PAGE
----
Do you remember this painting, from Mona Lisa Smile?
|Carcass, 1925. Chaim Soutine. Albright-Knox Museum.|
I remember being slightly annoyed the first time I watched this show (2003ish). Whyyyy did she have to pick the most grotesque and darkly modern canvas possible to rouse her students? It's like, half a degree away from Francis Bacon's triptychs (the only art that has ever made me physically ill)! Stuff like this is exactly what scares people away from modern art!
No one who has ever purchased a fresh cut of steak fails to see something alluring, entrancing even, in the curling swathes of muscle, and I think that was the mindframe Soutine started out with when he selected this strange but arresting subject.
I get it! I'm growing up! Withhold judgment for two minutes and you learn a lot of things!
|Can't get over the blues. Yum.|
His 1925 Carcass canvas was actually modeled after a Rembrandt van Rijn painting from three centuries earlier, which he studied in the Louvre:
|Carcass of Beef (Flayed Ox), 1655. Rembrandt. The Louvre, Paris.|
Thank goodness I have movies, and life, to teach me, year by year, the art of slowing down and withholding judgment for just a second so that I might discover some history, motive, or beauty in the actions of others that I would have passed by in earlier years.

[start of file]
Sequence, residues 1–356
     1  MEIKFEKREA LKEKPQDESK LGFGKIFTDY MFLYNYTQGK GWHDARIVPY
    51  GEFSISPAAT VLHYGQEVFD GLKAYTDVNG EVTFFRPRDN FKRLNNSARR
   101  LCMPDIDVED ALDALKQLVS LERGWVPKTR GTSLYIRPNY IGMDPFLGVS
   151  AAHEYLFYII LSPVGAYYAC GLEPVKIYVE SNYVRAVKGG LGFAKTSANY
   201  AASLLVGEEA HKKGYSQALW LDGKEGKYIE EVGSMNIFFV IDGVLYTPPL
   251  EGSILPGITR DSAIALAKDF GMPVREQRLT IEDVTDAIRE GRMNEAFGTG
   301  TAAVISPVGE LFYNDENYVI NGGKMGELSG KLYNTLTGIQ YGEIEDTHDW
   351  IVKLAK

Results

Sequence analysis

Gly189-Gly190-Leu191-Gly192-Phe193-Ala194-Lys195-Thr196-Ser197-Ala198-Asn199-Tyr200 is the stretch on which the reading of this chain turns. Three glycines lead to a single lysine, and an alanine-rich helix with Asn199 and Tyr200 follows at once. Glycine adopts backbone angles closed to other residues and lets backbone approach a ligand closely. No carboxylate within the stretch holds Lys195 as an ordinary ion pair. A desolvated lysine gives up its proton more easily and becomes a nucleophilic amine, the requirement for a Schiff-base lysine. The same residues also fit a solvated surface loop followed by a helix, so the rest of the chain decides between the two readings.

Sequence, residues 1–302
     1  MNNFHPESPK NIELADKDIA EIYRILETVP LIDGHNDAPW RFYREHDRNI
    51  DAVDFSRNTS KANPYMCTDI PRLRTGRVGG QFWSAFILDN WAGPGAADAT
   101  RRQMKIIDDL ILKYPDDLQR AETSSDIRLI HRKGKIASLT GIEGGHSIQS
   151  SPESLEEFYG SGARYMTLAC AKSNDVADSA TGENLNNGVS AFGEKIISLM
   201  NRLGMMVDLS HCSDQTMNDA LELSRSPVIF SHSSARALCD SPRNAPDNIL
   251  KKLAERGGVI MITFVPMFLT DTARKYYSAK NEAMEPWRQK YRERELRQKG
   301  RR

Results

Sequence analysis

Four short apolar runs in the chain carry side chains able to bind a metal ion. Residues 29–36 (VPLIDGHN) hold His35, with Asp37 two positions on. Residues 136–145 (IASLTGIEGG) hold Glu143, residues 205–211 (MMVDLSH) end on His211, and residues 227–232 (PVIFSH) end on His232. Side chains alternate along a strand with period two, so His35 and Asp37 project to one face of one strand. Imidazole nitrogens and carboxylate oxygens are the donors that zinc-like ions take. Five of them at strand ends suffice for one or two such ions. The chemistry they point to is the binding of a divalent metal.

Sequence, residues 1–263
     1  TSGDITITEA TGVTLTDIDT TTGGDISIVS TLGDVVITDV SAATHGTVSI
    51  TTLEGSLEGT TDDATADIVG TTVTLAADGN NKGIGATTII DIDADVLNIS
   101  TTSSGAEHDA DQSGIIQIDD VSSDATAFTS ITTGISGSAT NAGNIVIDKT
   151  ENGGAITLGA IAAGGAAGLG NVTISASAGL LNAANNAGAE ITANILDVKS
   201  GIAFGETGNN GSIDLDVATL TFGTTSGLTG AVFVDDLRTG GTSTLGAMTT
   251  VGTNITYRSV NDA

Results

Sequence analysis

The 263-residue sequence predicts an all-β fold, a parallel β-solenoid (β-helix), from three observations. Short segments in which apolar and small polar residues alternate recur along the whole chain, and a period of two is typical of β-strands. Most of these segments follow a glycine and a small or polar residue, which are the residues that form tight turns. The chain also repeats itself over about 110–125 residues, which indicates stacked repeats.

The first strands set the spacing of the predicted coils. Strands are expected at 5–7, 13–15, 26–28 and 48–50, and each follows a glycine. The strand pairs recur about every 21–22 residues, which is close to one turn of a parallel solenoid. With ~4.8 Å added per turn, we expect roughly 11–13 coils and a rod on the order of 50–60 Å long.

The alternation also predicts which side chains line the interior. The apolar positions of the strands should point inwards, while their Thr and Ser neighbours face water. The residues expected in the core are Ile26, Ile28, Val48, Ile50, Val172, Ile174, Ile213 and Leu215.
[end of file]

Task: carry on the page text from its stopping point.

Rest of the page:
This morning I burned through my snowday by watching Forrest Gump on TV. Now, I know this movie is 19 years old (1994!!!), and my thoughts on it are a little late, but I had a totally different experience watching this movie as an adult that I wanted to share. I got a bunch of its historical jokes that flew over my head as a nine year old, and found myself in more sympathy with Jenny Curran than I ever have before.
I remember being incensed at the movie's portrayal of drugs and nudity throughout Jenny's story. I was raised, as most of you know, in a Mormon home, with loving parents, surrounded by a firm, all-encompassing moral code. I did NOT think most of her story was appropriate to show in a movie. I thought her story was just Hollywood doing what it does best; tantalizing.
In my 20s, I have learned that promiscuity, drugs and alcohol, physical abuse, and manipulation are not just things I see on TV. I have had to make choices regarding my encounters with most of these things myself, and many of them have entered the lives of those I love. They are an inescapable part of reality, but, like Jenny learns, they can be overcome and resisted, through soul-searching, repentance forgiveness, and most importantly, love. True, there will be inescapable consequences to wrong choices, and it takes bravery to face one's demons, but that doesn't mean one should stop making choices or withhold love. I liked that the movie ended with a focus on family, and love, which is what Jenny, and everyone, deserves. I'm thankful for the Forrest Gumps of the world who will boldly state, "I'm a simple man, but I know what love is," "He should not be hurting you, Jenny," and "I will take care of you," to their Jennys.